How to Prevent Hand-Foot-and-Mouth Disease

How to Prevent Hand-Foot-and-Mouth Disease

What is Hand-Foot-and-Mouth Disease?

How to Prevent Hand-Foot-and-Mouth DiseaseHand-foot-and-mouth disease is an illness that causes sores in or on the mouth and on the hands, feet, and sometimes the buttocks and legs. The sores may be painful. The illness usually doesn’t last more than a week or so.

Hand-foot-and-mouth disease is common in children but can also occur in adults. It can occur at any time of year but is most common in the summer and fall.

It is not the same as other diseases that have similar names: foot-and-mouth disease (sometimes called hoof-and-mouth disease) or mad cow disease. These diseases almost always occur in animals.

Symptoms of Hand-Foot-and-Mouth Disease

Hand-foot-and-mouth disease may cause all of the following signs and symptoms or just some of them. They include:

  • Fever
  • Sore throat
  • Feeling of being unwell (malaise)
  • Painful, red, blister-like lesions on the tongue, gums and inside of the cheeks
  • A red rash, without itching but sometimes with blistering, on the palms, soles and sometimes the buttocks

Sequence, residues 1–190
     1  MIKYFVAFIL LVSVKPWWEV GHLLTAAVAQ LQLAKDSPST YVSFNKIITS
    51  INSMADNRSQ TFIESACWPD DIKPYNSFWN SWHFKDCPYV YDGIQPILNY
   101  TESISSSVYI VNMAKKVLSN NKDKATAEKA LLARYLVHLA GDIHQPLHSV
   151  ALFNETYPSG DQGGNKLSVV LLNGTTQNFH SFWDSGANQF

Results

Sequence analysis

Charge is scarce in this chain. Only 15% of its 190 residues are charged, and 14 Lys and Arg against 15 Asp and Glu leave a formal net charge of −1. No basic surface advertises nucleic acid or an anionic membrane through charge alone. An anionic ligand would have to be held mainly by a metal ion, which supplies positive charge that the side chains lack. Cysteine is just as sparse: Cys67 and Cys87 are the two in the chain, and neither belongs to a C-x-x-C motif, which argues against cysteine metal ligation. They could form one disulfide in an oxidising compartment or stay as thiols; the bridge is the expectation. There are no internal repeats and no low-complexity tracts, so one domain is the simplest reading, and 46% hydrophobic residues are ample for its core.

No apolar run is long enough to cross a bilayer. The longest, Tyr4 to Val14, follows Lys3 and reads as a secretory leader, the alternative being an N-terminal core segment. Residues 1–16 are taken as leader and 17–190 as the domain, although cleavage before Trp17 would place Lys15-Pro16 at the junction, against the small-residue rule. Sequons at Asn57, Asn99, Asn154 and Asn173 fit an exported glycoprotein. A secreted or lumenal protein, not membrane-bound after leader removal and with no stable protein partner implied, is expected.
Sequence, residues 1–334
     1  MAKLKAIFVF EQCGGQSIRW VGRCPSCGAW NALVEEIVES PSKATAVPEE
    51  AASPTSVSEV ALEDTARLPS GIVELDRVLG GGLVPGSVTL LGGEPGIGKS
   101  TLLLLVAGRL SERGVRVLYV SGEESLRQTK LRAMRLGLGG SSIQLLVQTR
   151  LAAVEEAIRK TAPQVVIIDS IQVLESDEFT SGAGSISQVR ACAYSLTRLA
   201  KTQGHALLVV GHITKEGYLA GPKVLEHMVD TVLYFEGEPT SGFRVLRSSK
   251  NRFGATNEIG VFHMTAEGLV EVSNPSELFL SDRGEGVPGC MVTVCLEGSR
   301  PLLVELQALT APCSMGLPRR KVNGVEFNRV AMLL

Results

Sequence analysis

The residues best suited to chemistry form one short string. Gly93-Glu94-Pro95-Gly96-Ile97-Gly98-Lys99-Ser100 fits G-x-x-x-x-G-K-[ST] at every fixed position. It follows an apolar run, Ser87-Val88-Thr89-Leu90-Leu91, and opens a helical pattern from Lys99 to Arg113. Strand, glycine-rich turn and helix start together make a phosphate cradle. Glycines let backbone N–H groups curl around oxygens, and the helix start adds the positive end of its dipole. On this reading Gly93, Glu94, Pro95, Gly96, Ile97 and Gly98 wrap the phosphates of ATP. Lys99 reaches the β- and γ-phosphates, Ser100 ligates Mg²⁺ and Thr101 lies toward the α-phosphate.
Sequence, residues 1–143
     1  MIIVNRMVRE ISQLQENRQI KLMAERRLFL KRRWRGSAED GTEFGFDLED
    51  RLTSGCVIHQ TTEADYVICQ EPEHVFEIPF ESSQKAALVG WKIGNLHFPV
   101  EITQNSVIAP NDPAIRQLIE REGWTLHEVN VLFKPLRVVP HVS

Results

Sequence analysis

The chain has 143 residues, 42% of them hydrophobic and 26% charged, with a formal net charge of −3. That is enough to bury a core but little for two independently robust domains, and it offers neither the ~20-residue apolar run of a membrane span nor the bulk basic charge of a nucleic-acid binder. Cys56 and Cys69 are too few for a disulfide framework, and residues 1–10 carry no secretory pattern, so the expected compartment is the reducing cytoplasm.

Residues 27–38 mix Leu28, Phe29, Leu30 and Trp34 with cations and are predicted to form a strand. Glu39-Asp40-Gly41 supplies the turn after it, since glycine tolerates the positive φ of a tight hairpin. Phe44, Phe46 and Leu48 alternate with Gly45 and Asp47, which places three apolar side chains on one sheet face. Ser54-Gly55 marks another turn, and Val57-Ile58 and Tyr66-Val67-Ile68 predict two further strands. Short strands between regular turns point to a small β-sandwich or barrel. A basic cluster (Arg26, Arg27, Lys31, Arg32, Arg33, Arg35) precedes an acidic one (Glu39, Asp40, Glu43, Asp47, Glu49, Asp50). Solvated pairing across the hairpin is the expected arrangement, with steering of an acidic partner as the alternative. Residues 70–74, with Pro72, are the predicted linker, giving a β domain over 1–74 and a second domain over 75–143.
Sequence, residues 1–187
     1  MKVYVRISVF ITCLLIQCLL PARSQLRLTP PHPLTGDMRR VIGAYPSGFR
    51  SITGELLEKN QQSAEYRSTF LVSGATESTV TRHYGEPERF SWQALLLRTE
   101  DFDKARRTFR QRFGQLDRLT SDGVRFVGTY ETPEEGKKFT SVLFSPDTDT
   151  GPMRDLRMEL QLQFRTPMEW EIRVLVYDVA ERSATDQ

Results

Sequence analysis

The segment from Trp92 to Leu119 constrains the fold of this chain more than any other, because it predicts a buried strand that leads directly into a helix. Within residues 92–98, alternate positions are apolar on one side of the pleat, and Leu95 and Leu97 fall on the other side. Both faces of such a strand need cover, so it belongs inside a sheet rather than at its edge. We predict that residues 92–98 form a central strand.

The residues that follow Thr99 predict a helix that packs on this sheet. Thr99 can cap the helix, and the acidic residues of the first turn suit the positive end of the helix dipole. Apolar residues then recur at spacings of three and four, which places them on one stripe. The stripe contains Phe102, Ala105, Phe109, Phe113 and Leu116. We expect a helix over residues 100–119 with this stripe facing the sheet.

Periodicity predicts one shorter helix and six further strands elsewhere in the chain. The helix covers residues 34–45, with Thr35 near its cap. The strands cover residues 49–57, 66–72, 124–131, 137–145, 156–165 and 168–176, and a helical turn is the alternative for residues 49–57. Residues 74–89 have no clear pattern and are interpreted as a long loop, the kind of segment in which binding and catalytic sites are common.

• Irritability in infants and toddlers
  • Loss of appetite

The usual period from initial infection to the onset of signs and symptoms (incubation period) is three to six days. A fever is often the first sign of hand-foot-and-mouth disease, followed by a sore throat and sometimes a poor appetite and malaise.

One or two days after the fever begins, painful sores may develop in the mouth or throat. A rash on the hands and feet and possibly on the buttocks can follow within one or two days.

How is Hand-Foot-and-Mouth Disease diagnosed?

A doctor can tell if your child has hand-foot-and-mouth disease by the symptoms you describe and by looking at the sores and blisters. Tests usually aren’t needed.

How to Prevent Hand-Foot-and-Mouth Disease

Hand, foot, and mouth disease is spread from person to person through nose and throat secretions (such as saliva, sputum, or nasal mucus), blister fluid, or stool of infected persons. You can lower your risk of being infected by

  • Washing your hands often with soap and water
  • Disinfecting dirty surfaces and soiled items
  • Avoiding close contact such as kissing, hugging, or sharing eating utensils or cups with infected persons

Hand-Foot-and-Mouth Disease Treatments

There is no specific treatment for hand, foot and mouth disease. However, some things can be done to relieve symptoms, such as

  • Taking over-the-counter medications to relieve pain and fever (Caution: Aspirin should not be given to children.)
  • Using mouthwashes or sprays that numb mouth pain

Persons who are concerned about their symptoms should contact their health care provider.

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